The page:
joint bank account to buy into the medical practice.
Blumenthal, 2014 IL App (1st) 132250, ¶ 11, 24
N.E.3d 168. The trial court granted Blumenthal's motion
to dismiss, finding that, based on the parties' domestic
relationship, Brewer's counterclaims were barred by
Hewitt. Hewitt, 77 Ill.2d 49, 394 N.E.2d
1204. In its ruling on the motion to dismiss, the court did
not consider the factual sufficiency of Brewer's
counterclaims. Blumenthal, 2014 IL App (1st) 132250,
¶ 15, 24 N.E.3d 168.
9 Brewer appealed to this court and argued, in part, that
Hewitt had been "implicitly overruled" by
subsequent legislation favorable to same-sex domestic
partnerships. Blumenthal, 2014 IL App (1st) 132250,
¶ 1, 24 N.E.3d 168. We did not agree with Brewer's
conclusion and, in any event, we do not have authority to
"overrule" a Supreme Court decision. Du Page
County Airport Authority v. Dep't of Revenue, 358
Ill.App.3d 476, 486, 831 N.E.2d 30, 39 (2005) (lower courts
are bound to follow supreme court precedent); Hensley v.
Hensley, 62 Ill.App.2d 252, 259, 210 N.E.2d 568, 572
(1965) (it is not "the function of an appellate court to
overrule or attempt to overrule or criticize the decisions of
the highest judicial tribunal of our state"); Sims
v. Sneed, 118 Ill.App.2d 294, 297, 254 N.E.2d
316, 318 (1969) (an inferior appellate court can not deviate
from the public policy established by the highest appellate
court); Agricultural Transportation Ass'n v.
Carpentier, 2 Ill.2d 19, 27, 116 N.E.2d 863, 867 (1953)
("Where the Supreme Court has declared the law on any
point, it alone can overrule and modify its previous opinion,
and the lower judicial tribunals are bound by such decision
and it is the duty of such lower tribunals to follow such
decision in similar cases.").
10 Instead, we did not believe Hewitt was
controlling on the question of whether same-sex domestic
partners could bring common law claims regarding property
they accumulated together. Hewitt, 77 Ill.2d 49, 394
N.E.2d 1204. Throughout the entirety of their relationship,
Blumenthal and Brewer had been precluded from marrying in
Illinois. We focused on public policy and observed an
unmistakable and overwhelming trend of recognizing the
legitimacy of same-sex domestic partnerships. When
Hewitt was decided, it was public policy to treat
all unmarried relationships as illicit and the supreme court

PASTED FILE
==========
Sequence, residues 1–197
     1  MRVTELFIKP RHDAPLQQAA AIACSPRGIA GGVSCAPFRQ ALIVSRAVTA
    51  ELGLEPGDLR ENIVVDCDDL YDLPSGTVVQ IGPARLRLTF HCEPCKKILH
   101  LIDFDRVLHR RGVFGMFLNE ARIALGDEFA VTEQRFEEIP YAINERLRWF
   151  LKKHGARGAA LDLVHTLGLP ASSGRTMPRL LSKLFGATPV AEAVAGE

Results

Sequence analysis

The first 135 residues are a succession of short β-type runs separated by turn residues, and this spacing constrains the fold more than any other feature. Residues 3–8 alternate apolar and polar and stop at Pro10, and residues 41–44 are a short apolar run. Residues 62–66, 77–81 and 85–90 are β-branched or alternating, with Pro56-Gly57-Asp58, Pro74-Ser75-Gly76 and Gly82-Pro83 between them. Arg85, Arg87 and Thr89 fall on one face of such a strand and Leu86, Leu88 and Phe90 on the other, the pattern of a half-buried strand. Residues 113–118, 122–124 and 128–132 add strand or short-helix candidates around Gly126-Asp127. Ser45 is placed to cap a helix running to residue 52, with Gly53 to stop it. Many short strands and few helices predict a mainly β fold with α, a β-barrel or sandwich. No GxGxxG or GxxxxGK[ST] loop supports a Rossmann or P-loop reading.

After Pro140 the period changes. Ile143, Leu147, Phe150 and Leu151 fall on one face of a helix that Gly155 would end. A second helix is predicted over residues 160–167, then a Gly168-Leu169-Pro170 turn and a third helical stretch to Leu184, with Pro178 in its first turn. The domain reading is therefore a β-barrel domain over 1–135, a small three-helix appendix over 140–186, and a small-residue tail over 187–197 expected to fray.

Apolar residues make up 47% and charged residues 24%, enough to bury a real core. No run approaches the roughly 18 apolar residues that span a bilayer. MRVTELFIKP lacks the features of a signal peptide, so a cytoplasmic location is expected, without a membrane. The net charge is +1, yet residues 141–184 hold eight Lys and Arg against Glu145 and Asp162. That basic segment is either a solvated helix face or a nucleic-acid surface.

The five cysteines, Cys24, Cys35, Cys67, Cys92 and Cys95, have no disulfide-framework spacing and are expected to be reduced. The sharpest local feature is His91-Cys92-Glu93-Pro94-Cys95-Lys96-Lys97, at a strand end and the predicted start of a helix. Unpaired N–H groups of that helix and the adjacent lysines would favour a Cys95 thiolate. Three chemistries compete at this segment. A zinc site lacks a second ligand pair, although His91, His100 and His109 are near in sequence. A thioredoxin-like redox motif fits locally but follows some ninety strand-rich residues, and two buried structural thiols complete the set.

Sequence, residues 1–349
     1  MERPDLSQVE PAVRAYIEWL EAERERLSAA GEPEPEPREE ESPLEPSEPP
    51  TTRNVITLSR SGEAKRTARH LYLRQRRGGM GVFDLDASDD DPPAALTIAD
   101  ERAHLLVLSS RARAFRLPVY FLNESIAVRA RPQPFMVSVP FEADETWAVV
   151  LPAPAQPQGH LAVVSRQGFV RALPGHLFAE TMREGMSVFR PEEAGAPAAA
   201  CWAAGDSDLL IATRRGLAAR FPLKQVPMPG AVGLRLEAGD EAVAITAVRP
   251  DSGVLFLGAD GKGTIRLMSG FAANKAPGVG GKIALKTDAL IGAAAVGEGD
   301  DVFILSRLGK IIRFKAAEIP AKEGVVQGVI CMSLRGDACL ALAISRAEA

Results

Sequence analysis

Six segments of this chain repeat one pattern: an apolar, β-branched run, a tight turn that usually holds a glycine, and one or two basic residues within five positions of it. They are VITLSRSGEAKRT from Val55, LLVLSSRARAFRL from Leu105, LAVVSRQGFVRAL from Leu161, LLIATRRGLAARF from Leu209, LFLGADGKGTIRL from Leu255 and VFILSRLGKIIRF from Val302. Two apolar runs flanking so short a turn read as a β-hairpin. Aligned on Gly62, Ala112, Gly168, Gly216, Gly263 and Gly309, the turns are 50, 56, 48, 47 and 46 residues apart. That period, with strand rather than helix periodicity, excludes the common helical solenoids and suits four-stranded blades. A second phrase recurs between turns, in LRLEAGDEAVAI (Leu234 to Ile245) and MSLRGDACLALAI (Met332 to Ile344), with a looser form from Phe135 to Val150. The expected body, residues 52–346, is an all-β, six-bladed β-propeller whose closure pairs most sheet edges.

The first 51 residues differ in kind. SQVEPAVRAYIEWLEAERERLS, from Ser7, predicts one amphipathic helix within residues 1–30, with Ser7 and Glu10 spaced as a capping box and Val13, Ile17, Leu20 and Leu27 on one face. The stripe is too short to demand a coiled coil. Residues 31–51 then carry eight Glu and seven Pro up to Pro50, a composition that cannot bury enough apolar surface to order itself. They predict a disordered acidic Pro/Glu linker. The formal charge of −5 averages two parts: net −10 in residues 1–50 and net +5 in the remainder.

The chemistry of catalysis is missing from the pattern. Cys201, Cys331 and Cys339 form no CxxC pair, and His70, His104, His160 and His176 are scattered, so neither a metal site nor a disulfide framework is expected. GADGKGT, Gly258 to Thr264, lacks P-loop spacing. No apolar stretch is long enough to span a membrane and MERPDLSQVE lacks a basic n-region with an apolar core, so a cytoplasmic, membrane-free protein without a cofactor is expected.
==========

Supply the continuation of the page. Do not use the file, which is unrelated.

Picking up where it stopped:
had pointed out, "Illinois' public policy regarding
agreements such as the one alleged here was implemented long
ago in [an 1882 opinion] where this court said: 'An
agreement in consideration of future illicit cohabitation
between the plaintiffs is void.' This is the traditional
rule, in force until recent years in all jurisdictions."
Hewitt, 72 Ill.2d at 58-59, 394 N.E.2d at 1208.
However, in the 35 years since Hewitt, the Illinois
legislature repealed the criminal prohibition on nonmarital
cohabitation, prohibited differential treatment of marital
and nonmarital children, adopted no-fault divorce in place of
the undignified system which had required the court to assign
blame or fault to a specific spouse, established civil unions
for both opposite-sex and same-sex partners which provided
for them to receive all the rights and burdens available to
married persons, and extended other protections to nonmarital
families. Blumenthal, 2014 IL App (1st) 132250,
¶¶ 24, 27, 33, 34, 24 N.E.3d 168, citing
e.g., Pub. Act 86-490 (eff. Jan 1, 1990) (deleting
"cohabits" from criminal code 720 ILCS 5/11-40
(West 2010)); Pub. Act 83-1372 (eff. July 1985) (creating 750
ILS 45/3 (West 2012) which extended support obligation to
every child regardless of parents' marital status); Pub.
Act 80-1429, §1 (eff. Sept. 12, 1978) (amending probate
act to provide for intestate inheritance rights of children
of unmarried parents); Pub. Act 84-1028 § 1 (eff. Nov.
18, 1984) (amending pension code to entitle children of
unmarried parents to survivor's benefits); Pub. Act
83-954 (eff. July 1, 1984 (allowing either spouse to
dissolution on basis of "irreconcilable
differences"); 750 ILCS 75.1 et seq. (West
2010) (Religious Freedom Protection and Civil Union Act); and
750 ILCS 80/1 et. seq. (West 2014) (Religious Freedom and
Marriage Fairness Act). Thus, there were significant
indications after Hewitt's publication that
Illinois' legislators no longer disfavored unmarried
cohabitation or same-sex relationships in general.
11 Furthermore, some of the authority underpinning
Hewitt no longer existed when Blumenthal
was argued in 2014. For instance, the supreme court's
discussion of the "traditional rule" to treat all
bargains between unmarried couples as illegal contracts was
based on a version of the Restatement of Contracts that was
abandoned shortly after Hewitt's publication in
1979 when the legal treatise was updated in 1981.
Blumenthal, 2104 IL App (1st) 132250, ¶ 28, 24
N.E.3d 168. The supreme court's discussion was also based
on a section of Corbin on Contracts issued in 1962 that was
entitled "Bargains in Furtherance of Immorality"
and gave the example ...